Serving clients in Santa Rosa and San Francisco, California and greater Bay Area region
To protect your safety during the coronavirus (Covid-19) crisis, we “strongly encourage” telephone and video conferences, versus face-to-face meetings. We have competent procedures in place to ensure client and staff safety when executing documents. CALL TODAY TO SET UP A REMOTE CONSULTATION.

Twenty Estate Planning Terms You Should Know

| Dec 4, 2019 | estate planning

estate-planning-terms.jpg

Many people believe that estate planning is very complicated–and therefore, do not make it a priority in their lives. However, once you learn some of the basic terminology associated with estate planning, it will begin to make more sense to you. You will soon discover the importance of estate planning and why it is vital to get started with your estate plans sooner rather than later.

The California estate planning attorneys at Galanti and Copenhaver can help you with your legal needs. Our attorneys have handled many different estate-related cases over the years. Contact our office today to schedule a consultation with one of our attorneys to discuss the questions and concerns you have regarding the estate planning process.

1. Administrator

An administrator is the individual or corporate fiduciary that is appointed by the court to manage an estate if there is no executor or personal representative already designated. The court may also name an administrator if the named executor or personal representative is unwilling or unable to fulfill these duties.

2. Beneficiary

A beneficiary is a person who is designated to receive the benefit of property from an estate or a trust.

3. Codicil

A codicil is a formally executed document that serves to amend the terms of the will. Using a codicil gives you the opportunity to avoid having to rewrite your will.

4. Decedent

A decedent is a person who has died.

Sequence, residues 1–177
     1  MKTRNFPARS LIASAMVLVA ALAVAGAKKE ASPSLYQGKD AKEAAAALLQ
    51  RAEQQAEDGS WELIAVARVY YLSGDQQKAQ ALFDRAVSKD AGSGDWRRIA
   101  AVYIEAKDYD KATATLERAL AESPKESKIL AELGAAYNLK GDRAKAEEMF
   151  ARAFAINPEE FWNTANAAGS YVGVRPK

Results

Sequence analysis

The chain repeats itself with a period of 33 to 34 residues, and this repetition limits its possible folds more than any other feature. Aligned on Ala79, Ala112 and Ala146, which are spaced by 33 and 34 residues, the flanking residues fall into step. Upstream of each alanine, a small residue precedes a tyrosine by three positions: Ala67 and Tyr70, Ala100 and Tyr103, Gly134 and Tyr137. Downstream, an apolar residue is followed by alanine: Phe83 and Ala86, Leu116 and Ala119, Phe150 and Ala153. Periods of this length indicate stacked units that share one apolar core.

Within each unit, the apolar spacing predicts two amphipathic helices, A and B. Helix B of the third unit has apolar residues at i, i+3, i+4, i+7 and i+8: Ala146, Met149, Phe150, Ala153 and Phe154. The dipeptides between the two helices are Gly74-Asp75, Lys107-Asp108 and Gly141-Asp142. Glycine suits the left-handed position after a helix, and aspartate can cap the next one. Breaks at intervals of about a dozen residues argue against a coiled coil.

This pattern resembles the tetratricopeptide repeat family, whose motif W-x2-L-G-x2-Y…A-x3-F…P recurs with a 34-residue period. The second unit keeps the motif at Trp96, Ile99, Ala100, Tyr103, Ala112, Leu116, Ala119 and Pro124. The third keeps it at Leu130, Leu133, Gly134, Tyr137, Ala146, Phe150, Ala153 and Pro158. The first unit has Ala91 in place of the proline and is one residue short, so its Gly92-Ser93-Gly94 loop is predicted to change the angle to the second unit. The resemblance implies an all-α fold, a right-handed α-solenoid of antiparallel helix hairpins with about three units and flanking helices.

5. Descendants

Descendants are a person’s children, grandchildren, and other more remote persons who are related either by blood or through legal adoption. A person’s spouse, stepchildren, parents, etc., are not descendants.

6. Estate Planning

Estate planning is a process by which a person designs a strategy for and executes a will, trust, or other documents in order to provide for the administration of their assets upon their incapacity or death.

7. Estate Tax

An estate tax is a tax that is imposed on an individual’s transfer of property after they die. More than twenty states have state estate taxes that are different than the federal system taxes, so even if your estate is not subject to a federal estate tax, depending on where you live, you may be subject to an estate tax.

8. Executor

An executor is someone who has been named in a will and appointed by a court to carry out the terms of a will. The executor is also will administer the estate of the decedent. The executor may also be referred to as a personal representative.

9. Fiduciary

A fiduciary is a bank, trust company, or individual designated to manage property or money on behalf of beneficiaries. A fiduciary is required to exercise the standard of care that is set forth in state law and governing document under which the fiduciary acts. Executors and trustees are included as fiduciaries.

10. Guardian

A guardian is either an individual or a bank or trust company that is appointed by the court to act on behalf of a minor or incapacitated person. A guardian of a person is empowered to make personal decisions on their behalf. A guardian of the property is responsible for managing their property.

11. Heir

An heir is a person who is entitled to a distribution of an asset or other property interest under state law, in the absence of a will.

12. Intestate

When a person dies without a valid will, they are said to have passed “intestate.” Their estate will then be distributed in accordance with the state’s intestacy law.

13. Irrevocable Trust

A trust that cannot be revoked, terminated, or otherwise amended or modified by the grantor (unless certain exceptions apply).

14. Living Trust

A living trust is created by a person during their lifetime, typically as a revocable trust. It can also be called an “inter vivos” trust or a “revocable living trust.”

15. Power of Attorney

A power of attorney is an authorization granted by a written document that one person may act in another person’s place as an agent or as attorney-in-fact with respect to some or all financial and legal matters. 

16. Probate

Probate is the court-supervised process of providing that a will is valid and distributing the property according to the terms of the will, or in accordance with the state’s intestacy law if there is no will.

17. Revocable Trust

A revocable trust is one that is created during a person’s life, over which they reserve the right to modify, amend, terminate, or revoke.

18. Settlor

Settlor is a term used for a person who establishes or settles a trust. It has the same meaning as “grantor.”

19. Testator

A testator is a person who signs a will.

20. Will

A will is a document that specifies the beneficiaries who are to inherit the testator’s assets. A will also typically names a person to administer the estate and have the responsibility of distributing assets to the beneficiaries.

Galanti_Consult_CTA.jpg